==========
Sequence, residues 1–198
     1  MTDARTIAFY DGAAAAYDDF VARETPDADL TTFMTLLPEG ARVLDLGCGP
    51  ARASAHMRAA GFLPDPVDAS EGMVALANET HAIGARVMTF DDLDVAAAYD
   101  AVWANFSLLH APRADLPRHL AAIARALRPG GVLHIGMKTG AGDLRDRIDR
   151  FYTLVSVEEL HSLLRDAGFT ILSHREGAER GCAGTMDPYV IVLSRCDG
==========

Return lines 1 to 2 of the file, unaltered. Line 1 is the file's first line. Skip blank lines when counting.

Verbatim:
Sequence, residues 1–198
     1  MTDARTIAFY DGAAAAYDDF VARETPDADL TTFMTLLPEG ARVLDLGCGP